24 June, 2017
Computer experts said to be allied with Russia have created a weapon with the ability to cause major damage to the world's electrical systems.
Researchers have identified the cyber-weapon as a harmful software program or virus. They say it is designed to interfere with a computer's normal operations.
The researchers are calling this malware program "CrashOverride" or "Industroyer". It is known to have affected the electrical system in Ukraine in December 2016. The attack briefly cut off one-fifth of all electric power in Kyiv, the capital.
Interest in attacking U.S. power stations
The cybersecurity business Dragos identified the malware in a report released on June 12. It said Russian government hackers appeared interested in targeting power centers in countries other than Ukraine.
Currently, the malware is able to attack power systems across Europe and Asia. But Dragos said it could be used against the United States. With only "some small modifications," it could cause power outages of up to a few days in parts of the U.S. electric grid. That information comes from Dragos' threat intelligence director, Sergio Caltagirone.
The company believes that with other changes, the malware could also attack local transportation providers, water systems, and natural gas suppliers. Researchers say hackers linked to Russia have shown an interest in targeting such infrastructure.
News of the malware's discovery led the U.S. Department of Homeland Security to make an announcement on June 12. It advised all critical infrastructure operators to make sure they were following suggested rules for security.
Similar malware used in Ukraine in 2015
Dragos identified the group responsible for creating the new malware as "Electrum." The company said it strongly believes that Electrum used the same computer systems as the hackers who attacked Ukraine's electrical grid in December 2015.
The 2015 attack left 225,000 people without power. U.S. researchers found that Russian government hackers were responsible. That attack was linked to a group called Sandworm, which is said to have ties to the Russian government.
Dragos said that Sandworm and Electrum are either the same group, or two separate groups working within the same organization. Researchers are not sure if they are individuals working for the Russian government or actual government employees.
Like a Swiss Army knife
In the 2016 attack, the malware helped the hackers to get control of Ukraine's power supply.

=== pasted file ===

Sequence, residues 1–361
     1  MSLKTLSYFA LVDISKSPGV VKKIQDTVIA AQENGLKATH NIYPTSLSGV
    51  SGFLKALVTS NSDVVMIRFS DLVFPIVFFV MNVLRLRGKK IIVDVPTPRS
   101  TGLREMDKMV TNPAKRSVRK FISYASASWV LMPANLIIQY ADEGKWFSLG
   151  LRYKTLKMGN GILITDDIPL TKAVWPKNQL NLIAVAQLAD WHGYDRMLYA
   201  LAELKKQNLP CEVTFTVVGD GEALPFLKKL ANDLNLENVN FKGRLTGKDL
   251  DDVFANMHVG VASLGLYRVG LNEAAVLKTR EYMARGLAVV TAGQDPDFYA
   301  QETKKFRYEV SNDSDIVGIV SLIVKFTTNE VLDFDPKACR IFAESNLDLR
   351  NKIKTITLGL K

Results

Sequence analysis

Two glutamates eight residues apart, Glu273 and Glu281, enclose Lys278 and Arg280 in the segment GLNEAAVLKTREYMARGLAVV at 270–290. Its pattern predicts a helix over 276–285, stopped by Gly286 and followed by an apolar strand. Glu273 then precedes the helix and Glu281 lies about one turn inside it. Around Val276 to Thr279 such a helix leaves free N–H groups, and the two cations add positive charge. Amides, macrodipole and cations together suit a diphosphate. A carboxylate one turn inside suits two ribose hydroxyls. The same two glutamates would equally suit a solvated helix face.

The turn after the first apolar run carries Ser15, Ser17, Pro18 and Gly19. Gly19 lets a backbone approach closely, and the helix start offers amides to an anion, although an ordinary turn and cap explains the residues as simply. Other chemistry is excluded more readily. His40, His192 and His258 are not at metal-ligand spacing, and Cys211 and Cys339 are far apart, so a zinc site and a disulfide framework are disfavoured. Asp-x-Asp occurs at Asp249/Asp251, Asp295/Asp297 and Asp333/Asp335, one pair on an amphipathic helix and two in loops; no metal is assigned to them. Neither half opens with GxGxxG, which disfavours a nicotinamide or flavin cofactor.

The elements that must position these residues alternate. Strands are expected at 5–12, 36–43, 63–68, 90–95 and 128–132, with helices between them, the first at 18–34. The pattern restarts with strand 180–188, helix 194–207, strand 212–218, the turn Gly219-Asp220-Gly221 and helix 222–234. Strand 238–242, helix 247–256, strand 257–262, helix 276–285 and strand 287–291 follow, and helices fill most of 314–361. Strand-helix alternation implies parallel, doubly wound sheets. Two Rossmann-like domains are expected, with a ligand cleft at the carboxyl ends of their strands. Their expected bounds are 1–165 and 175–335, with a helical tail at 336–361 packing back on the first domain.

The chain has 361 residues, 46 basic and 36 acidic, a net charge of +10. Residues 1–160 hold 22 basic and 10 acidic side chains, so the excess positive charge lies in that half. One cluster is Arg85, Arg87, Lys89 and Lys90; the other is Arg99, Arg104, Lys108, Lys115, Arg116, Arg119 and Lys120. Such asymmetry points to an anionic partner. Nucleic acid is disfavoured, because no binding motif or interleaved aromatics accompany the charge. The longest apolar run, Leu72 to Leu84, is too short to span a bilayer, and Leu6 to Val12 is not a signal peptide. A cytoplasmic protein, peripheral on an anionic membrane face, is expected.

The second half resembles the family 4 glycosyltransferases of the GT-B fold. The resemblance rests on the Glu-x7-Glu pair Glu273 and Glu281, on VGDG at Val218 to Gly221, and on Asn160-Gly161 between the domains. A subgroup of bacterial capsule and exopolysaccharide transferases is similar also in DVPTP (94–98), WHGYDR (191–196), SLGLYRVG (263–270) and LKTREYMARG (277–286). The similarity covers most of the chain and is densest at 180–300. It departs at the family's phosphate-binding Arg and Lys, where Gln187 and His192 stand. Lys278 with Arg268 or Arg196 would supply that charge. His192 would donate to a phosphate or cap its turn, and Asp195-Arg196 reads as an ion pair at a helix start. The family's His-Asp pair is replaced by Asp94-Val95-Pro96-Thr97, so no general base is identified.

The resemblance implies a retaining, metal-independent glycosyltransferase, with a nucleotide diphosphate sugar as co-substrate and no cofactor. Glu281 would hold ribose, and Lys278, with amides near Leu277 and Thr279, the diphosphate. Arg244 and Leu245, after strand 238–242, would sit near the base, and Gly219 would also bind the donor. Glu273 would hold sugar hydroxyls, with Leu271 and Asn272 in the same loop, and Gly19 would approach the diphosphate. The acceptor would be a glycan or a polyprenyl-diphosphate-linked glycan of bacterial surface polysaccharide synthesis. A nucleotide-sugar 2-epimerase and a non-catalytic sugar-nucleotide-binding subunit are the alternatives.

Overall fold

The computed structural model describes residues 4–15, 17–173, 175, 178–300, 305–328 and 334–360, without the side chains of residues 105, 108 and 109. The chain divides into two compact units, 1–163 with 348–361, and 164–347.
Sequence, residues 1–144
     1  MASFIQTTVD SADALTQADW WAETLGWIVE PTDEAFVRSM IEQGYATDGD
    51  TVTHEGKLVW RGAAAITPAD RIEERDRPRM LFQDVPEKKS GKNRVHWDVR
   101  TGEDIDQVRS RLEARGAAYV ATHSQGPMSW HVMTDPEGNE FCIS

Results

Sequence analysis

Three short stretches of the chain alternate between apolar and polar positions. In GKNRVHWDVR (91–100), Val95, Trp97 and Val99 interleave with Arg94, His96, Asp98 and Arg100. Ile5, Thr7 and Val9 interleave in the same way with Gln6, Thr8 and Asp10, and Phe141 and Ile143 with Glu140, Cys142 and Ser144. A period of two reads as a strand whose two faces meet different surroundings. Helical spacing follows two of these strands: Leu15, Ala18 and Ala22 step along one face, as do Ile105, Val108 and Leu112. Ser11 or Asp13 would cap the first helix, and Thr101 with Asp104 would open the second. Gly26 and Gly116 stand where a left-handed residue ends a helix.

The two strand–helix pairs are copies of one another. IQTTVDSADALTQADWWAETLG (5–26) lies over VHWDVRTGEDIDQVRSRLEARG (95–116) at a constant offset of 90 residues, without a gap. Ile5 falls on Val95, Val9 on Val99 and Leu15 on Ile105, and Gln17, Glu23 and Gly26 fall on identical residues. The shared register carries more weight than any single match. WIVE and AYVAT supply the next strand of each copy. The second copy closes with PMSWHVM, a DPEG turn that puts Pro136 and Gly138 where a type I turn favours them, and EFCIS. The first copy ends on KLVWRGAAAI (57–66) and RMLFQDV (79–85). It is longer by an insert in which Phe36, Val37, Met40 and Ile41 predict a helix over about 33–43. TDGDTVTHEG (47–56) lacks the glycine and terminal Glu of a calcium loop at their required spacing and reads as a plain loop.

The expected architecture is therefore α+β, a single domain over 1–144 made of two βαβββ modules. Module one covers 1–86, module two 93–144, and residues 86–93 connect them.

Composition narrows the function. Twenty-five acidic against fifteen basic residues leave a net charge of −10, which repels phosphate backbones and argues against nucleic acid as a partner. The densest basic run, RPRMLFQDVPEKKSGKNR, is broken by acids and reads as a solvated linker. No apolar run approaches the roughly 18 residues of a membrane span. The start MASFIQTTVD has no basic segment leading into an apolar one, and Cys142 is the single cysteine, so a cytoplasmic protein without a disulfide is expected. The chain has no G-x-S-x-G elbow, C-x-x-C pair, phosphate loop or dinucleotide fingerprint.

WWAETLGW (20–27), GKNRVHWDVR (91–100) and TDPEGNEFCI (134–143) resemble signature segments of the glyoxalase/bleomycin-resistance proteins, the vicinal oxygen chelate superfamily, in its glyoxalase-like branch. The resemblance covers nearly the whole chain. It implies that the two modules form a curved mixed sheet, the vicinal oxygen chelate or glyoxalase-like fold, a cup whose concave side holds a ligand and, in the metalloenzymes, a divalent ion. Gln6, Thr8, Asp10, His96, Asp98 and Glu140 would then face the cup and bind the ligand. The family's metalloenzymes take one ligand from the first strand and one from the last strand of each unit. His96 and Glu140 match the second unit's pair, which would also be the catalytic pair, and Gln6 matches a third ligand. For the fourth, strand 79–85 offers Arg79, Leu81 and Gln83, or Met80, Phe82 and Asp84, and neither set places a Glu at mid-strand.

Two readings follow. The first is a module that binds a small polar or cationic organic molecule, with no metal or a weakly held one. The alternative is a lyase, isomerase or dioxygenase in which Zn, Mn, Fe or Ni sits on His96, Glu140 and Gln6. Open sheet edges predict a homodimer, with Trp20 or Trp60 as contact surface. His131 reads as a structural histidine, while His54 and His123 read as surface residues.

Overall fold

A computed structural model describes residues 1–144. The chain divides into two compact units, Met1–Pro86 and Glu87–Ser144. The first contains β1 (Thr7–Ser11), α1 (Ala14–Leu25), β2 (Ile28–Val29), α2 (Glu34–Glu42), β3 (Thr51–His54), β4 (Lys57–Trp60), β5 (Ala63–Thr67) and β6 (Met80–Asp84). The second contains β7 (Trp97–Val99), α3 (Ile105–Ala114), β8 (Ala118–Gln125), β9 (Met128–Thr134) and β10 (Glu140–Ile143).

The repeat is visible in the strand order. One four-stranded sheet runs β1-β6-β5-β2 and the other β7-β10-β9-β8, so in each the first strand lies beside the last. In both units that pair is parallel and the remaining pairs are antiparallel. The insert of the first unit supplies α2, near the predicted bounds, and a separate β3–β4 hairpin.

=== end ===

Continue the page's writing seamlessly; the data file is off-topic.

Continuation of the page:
Danu Gunter of Dragos told the Washington Post newspaper what was shocking about the CrashOverride malware is that it is part of a "larger framework." He said that it works like a Swiss Army knife, where you can open the different tools you need to perform different operations. In theory, the CrashOverride malware can be changed to attack different kinds of controls systems.
ESET, a Slovakian research group, collected malware samples from the 2016 attack. The group later shared them with Dragos. ESET has named the malware "Industroyer," while Dragos is calling it "CrashOverride."
The malware was specifically designed to cause harm or destroy industrial-control systems. It represents the most powerful threat since Stuxnet, a worm created by the United States and Israel to slow Iran's nuclear activities.
I'm Phil Dierking.
This story was based on a report from Radio Free Europe/Radio Liberty. Phil Dierking adapted it for VOA Learning English. His story has information from other sources. George Grow was the editor.
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Words in This Story
framework - n. the basic structure of something
grid - n. a network of electrical wires and equipment that supplies electricity to a large area
hacker - n. a person who secretly gets access to a computer system in order to get information, cause damage, etc.
infrastructure - n. the basic equipment and structures (such as roads and bridges) that are needed for a country, region, or organization to function properly
malware - n. software that is intended to damage or disable computers and computer systems.
modification - n. the act or process of changing parts of something